“There are downed electrical lines in there, wires, cables, propane heaters and canisters, broken glass, etc.,” Drew Alcazar, founder and co-owner of Russo & Steele, said in an interview Friday afternoon. “We hope to be allowed back in the site by Saturday morning. If we can, we’d like to reopen the auction Sunday, and maybe extend to Monday if there are enough interested owners and buyers.” /// About 600 classic automobiles, including the car that has perhaps piqued the most curiosity at this year’s Arizona collector car auctions — a 1948 Tucker 48 convertible — were in the tents at the time, Mr. Alcazar said. Image Credit: azfamily.com
Russo and Steele's auto auction gets major air
After a successful and enjoyable breakfast gathering for inside auto-enthusiasts and members of the press, the day began well for the folks over at the Russo and Steele.Russo and Steele in Scottsdale is a standout against the well publicized "No-Reserve" policy of the other major auction held this week at Barrett-Jackson, in that they hold an auction where all cars are held with a Reserve. This auction operation believes that quality consignments are the result of only two scenarios; either the owner had paid a premium or has endured a costly and laborious restoration. Neither of these two will entice this caliber of automobiles to simply be “sold to the highest bidder – regardless of price” ... hence, "No-Reserve".
These consignors want “top dollar” for their car. The challenge all auction companies face is how to attract quality consignments and consign them with appropriate reserves that will be well received by our knowledgeable bidders. A car does not get sold unless it meets the negotiated minimum price - The Reserve.
Russo and Steele’s Scottsdale sale occupies the middle ground of the collector car market — roughly $100,000 to $500,000 — offering mainly American muscle cars and European sports cars.
But the Russo and Steele auction, which began on Thursday, was interrupted that evening by one of the most severe storms the area has experienced in years. Winds tore at two of the tents the company was using to house cars going to auction, collapsing one of them and sending parts of the other blowing onto the nearby 101 Freeway.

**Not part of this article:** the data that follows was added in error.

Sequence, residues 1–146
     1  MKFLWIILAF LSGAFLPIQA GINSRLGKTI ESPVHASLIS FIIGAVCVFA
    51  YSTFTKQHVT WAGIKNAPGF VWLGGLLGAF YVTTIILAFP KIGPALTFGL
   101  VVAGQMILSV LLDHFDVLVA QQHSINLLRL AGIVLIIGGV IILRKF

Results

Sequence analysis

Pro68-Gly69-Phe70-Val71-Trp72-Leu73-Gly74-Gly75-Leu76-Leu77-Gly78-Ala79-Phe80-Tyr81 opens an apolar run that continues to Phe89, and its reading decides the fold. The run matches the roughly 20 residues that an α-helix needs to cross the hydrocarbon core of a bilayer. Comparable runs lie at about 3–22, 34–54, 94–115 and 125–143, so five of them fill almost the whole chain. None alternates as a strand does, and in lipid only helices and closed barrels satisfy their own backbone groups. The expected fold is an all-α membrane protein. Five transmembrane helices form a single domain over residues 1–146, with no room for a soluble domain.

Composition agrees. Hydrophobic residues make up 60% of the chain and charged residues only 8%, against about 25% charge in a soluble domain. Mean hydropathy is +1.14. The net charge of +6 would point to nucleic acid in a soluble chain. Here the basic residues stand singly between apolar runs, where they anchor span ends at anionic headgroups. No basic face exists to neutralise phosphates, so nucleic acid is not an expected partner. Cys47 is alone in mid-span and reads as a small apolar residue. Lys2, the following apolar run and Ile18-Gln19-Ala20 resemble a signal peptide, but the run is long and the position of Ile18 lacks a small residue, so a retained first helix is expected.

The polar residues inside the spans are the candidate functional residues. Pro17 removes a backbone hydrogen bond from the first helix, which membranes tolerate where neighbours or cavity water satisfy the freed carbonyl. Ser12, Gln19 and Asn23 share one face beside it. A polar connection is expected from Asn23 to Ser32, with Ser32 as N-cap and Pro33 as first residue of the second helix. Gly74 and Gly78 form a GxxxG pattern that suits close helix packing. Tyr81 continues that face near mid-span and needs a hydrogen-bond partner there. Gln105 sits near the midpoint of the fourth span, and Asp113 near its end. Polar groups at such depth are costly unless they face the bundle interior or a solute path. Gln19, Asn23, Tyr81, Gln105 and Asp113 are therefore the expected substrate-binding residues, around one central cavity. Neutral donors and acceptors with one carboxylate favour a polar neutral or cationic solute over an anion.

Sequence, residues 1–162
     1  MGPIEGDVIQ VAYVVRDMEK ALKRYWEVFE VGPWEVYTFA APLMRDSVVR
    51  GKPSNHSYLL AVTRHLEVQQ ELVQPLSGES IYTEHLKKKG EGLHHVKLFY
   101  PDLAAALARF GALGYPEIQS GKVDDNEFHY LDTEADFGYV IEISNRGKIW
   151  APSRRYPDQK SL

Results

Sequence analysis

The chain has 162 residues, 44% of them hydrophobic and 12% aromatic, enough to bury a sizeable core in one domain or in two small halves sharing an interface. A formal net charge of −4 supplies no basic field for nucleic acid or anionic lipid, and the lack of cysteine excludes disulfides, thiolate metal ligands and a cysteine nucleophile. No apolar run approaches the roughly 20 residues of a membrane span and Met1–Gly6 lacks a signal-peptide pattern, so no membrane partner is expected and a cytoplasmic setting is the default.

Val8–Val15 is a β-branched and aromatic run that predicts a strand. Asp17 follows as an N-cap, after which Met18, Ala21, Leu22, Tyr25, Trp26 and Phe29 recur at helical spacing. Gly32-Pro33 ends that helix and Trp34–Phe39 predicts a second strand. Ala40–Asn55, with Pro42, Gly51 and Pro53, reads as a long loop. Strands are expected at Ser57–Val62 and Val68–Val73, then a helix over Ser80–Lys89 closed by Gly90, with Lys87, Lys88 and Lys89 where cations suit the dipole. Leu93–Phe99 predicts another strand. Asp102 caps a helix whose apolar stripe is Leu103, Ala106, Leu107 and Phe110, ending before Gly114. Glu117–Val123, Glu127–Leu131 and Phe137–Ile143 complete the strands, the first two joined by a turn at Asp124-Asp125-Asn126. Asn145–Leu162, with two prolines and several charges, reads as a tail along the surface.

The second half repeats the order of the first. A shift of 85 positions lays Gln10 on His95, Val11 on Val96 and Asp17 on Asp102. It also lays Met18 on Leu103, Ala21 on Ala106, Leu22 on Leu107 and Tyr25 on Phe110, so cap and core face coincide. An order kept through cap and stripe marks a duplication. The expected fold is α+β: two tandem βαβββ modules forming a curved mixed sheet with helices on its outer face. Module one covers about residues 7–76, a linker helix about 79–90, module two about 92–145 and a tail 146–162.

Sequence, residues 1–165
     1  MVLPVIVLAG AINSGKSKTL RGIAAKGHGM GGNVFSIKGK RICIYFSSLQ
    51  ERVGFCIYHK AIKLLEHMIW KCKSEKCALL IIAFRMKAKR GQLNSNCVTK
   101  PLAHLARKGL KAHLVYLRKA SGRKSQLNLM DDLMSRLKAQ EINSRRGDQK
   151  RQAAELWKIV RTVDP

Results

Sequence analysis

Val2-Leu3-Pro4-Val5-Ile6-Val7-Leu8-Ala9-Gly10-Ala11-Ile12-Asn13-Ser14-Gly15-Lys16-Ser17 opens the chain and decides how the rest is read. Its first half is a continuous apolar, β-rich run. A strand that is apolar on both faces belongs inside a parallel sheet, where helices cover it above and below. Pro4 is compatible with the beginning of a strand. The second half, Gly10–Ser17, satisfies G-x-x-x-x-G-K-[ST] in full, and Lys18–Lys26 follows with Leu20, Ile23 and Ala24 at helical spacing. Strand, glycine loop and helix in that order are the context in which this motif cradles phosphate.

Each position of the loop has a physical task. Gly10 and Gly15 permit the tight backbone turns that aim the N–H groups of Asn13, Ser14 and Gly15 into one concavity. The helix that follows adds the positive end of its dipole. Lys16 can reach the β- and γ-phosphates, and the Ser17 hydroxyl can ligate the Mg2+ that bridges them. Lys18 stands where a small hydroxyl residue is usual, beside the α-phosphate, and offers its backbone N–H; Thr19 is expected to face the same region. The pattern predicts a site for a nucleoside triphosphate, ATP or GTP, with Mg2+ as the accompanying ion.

This excerpted and edited from Examiner -
January 21, 10:57 PM - Classic Autos Examiner, Jim Cherry
Severe weather punishing the American West struck Scottsdale, Arizona with full fury this afternoon during Russo & Steele's auction of ultra rare, blue chip classic cars. See details of Russo & Steele's offerings this year by clicking here.
The tents that collapsed were side structures. Thankfully, no one was injured as most attendees were busy watching the action in the main tent. Between 5,000 and 10,000 people were in attendance at Russo & Steele when disaster struck at 6 P.M., according to AZFamily.com.
Russo & Steele Auction was immediately evacuated. Even car owners had to leave without knowing the fates of their valuable classic rides. It is believed that several cars were damaged.
Arizona state governor Jan Brewer declared a state of emergency due to the extensive impact the severe storm has had all over the state.
In Scottsdale strong winds have blown over two tents at the Russo-Steele Auto Auction. The auction had to be evacuated and there is major damage to the tents. There were no injuries reported. Most people at the auction at the time were inside the main tent, which is still intact but two other tents were destroyed along with a lot of expensive cars. What was left of the massive tents at the annual auction in north Scottsdale continued to flap violently in the wind leaving the auction cars exposed to the harsh elements. A lot of the collectors' cars have spent years in garages and have barely seen any kind of weather, let alone a fierce storm. Image Credit: azfamily.com
And this excerpted and edited from the New York Times -Storm-Damaged Auction Site Remains Closed
By JERRY GARRETT - January 22, 2010, 7:59 pm
McKeel Hagerty, president of Hagerty Insurance, which specializes in coverage for vintage cars, said he had surveyed the auction site from a distance. He said he estimated that perhaps as many as half of the 600 cars had suffered at least some damage. “You can see that some of them have been extensively damaged,” he added.
Was this the worst disaster the classic car industry has suffered?“Hurricane Katrina was worse,” Mr. Hagerty said. “We lost 500 to 600 classic cars in that one. But, other than that, this is the worst I can remember.
For more background on Russo & Steele see: Russo and Steele Scottsdale 2010
... notes from The EDJE